Consider how are current site lays out this content (link & link).
The end result could be more of a hybrid, selecting one way of dividing up content (question 1), but using that layout arrangement for all the content pages.
I am currently working for UBC Student Development / UBC Library as the Student Development Coordinator for the Chapman Learning Commons. My role includes managing the space, the students who work in the space and the learning services that are run out of the space.
What makes this position fascinating for me is the problem that it poses, namely: how do I manage/create/frame services in a way that actually leads to them helping students be better at school?
This problem is massively difficult, as at a university level, being better at school requires students to break over 12 years of bad habits and replace them with good habits. As anybody who has tried to pick up good habits knows (especially in the time-constrained university environment), changing habits is very, very hard work that takes time to show results. Anything that one creates to help students do this has to be really, really good (if it is possible at all).
So, for this summer, in order to actually achieve this goal I’ve settled on 4 different principles that will hopefully lead to success.
Hire good students. This piece is critical. Having awesome students work on these projects helps keep things in perspective, makes customer development easier and brings a fresh sense of energy and ideas into the field. This piece’s current status is definitely “mission accomplished”.
1-on-1 peer mentorship is currently the only really feasible solution to this problem. Having a well-trained peer guide you and keep you accountable is a hundred times better than any online resource or workshop that I could create.
Solve the pain. Students experience a lot of pain and the whole point of this is to help reduce that. Wording like “learning services” means absolutely nothing to most students, we need to frame things in a way that shows them how we will help them get rid of their pain.
Be lean and agile. Concepts like “Do More Faster”, “release early, release often” and all the other techniques that I have learnt around successful software development and entrepreneurship apply in this context too. We are here to actually fix the problem, not just follow through on the requirements document.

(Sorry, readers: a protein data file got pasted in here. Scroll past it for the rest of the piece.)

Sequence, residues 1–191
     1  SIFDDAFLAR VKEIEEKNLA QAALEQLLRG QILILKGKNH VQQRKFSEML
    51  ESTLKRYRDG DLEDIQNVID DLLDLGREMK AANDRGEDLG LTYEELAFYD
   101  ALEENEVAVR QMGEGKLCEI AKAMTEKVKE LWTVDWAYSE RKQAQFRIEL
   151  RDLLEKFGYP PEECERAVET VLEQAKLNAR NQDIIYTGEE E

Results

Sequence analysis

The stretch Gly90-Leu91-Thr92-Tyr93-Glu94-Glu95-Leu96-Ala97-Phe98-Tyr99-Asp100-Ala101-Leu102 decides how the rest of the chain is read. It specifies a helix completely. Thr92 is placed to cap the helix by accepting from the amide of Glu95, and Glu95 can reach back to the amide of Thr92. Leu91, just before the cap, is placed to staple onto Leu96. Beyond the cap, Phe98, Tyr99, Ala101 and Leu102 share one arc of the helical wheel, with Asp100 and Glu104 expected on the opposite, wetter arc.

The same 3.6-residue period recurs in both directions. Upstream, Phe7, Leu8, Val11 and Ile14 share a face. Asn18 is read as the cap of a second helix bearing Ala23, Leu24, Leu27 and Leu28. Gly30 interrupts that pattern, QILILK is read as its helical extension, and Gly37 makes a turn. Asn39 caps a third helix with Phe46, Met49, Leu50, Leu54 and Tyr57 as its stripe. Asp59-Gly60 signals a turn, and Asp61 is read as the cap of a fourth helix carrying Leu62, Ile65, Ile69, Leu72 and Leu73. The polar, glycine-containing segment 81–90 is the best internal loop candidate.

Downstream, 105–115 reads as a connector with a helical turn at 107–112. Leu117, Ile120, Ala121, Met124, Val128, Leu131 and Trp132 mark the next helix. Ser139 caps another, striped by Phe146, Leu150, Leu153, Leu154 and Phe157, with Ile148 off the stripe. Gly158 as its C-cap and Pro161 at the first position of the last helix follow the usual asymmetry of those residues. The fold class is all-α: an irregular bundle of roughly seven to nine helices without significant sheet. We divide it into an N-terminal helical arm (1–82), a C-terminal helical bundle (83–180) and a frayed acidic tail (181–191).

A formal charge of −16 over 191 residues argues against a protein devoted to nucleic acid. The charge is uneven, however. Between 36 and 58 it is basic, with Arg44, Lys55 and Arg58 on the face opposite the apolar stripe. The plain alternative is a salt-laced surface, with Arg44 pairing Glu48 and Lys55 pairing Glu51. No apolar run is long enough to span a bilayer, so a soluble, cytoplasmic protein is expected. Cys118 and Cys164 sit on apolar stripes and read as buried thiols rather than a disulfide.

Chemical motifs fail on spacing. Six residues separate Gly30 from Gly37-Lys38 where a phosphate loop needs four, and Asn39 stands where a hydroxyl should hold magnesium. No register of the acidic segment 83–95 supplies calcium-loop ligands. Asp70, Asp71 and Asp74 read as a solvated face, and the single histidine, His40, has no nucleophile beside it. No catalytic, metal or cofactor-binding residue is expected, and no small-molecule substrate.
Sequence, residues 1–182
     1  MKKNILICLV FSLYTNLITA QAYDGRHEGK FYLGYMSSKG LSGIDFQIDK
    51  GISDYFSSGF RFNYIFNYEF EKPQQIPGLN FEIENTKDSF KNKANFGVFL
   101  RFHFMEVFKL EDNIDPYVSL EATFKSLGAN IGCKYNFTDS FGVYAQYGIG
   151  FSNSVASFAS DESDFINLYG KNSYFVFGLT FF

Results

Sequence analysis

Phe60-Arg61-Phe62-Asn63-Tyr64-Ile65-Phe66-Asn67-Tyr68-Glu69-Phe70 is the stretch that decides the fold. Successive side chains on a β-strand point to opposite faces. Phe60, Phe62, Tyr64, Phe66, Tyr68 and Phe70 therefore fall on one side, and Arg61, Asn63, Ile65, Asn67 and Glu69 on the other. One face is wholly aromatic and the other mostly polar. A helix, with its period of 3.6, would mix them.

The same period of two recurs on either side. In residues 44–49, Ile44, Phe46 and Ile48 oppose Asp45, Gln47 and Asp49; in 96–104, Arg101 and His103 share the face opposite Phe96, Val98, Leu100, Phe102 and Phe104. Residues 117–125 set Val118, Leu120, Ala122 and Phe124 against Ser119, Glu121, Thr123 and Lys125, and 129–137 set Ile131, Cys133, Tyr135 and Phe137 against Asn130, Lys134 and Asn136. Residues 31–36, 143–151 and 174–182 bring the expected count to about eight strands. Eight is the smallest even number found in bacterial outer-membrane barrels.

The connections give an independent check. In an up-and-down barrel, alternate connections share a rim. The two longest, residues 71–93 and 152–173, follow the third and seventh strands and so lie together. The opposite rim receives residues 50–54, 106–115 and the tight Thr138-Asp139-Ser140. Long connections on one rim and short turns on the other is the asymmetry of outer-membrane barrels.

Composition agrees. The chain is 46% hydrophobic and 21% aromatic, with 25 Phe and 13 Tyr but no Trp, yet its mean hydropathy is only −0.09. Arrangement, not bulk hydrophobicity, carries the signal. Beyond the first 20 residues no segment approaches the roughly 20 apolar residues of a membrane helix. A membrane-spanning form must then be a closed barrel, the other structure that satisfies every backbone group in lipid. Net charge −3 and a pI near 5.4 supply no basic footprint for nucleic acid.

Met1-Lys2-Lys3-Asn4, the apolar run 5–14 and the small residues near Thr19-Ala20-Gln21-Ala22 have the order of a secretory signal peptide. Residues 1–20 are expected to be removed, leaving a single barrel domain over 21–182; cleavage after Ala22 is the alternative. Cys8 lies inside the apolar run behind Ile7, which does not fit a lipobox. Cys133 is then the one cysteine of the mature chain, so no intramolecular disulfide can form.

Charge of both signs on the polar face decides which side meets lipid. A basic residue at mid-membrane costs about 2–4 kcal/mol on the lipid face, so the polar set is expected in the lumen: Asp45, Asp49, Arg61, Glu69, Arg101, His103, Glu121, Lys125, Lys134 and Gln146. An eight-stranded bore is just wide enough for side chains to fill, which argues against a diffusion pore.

That’s the plan, 2 months in I hope it’s working. One of the pieces that we’ve made some big strides on is the Learning Commons website. If you’d like to see some of the principles in action compare the current site to my student’s current prototype (principle #1 can be seen in the quality of the work). We still have lots of work left to do on it, but the idea should be clear. If you do take a look, please drop some feedback, they are iterating fast so any feedback helps!
(if you’re looking for a place to put the feedback, just comment below)
The idea here is that games and school have more in common than does school and life. So perhaps, instead of finding ways of engaging students by turning to real life, we should be turning to game design.
How is school like a game?
Both School and Video games are highly repetitive environments where you overcome deliberate obstacles in order to reach a goal. In both cases, you pay money in order to perform work. I’m going to use one of my favorite games of all time, Diablo 2 as an example in some direct comparisons.
Here is an anecdote (it happened to me today) outlining just one of the many things that is wrong with closed class websites and LMS in general: